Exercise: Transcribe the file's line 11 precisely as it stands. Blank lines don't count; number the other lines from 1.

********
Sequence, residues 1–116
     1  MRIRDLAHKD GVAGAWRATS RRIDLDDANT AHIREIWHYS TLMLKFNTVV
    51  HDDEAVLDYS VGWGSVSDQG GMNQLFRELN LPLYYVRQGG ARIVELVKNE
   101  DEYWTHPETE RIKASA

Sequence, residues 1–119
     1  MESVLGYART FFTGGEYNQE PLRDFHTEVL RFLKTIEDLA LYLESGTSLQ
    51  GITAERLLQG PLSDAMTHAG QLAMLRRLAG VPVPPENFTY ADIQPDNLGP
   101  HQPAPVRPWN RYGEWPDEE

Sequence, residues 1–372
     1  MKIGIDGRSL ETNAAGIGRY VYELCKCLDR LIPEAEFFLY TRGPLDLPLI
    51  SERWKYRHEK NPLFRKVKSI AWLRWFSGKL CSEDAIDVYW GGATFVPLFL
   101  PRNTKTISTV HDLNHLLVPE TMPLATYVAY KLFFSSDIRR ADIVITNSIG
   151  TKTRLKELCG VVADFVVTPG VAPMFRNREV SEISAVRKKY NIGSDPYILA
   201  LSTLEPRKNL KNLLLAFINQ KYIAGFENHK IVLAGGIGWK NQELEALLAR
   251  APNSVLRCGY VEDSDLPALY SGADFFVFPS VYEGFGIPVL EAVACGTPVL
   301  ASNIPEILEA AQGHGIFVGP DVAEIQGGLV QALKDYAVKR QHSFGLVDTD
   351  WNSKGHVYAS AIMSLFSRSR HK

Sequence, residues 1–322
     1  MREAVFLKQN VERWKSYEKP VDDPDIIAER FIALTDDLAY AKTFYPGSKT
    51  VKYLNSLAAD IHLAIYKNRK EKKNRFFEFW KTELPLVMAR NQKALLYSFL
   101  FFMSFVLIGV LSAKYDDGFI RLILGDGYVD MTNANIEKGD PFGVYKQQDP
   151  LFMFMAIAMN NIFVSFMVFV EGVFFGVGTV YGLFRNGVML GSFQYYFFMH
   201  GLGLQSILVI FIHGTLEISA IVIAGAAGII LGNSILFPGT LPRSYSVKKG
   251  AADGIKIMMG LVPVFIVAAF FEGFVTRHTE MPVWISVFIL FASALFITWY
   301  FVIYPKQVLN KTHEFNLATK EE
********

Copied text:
    51  SERWKYRHEK NPLFRKVKSI AWLRWFSGKL CSEDAIDVYW GGATFVPLFL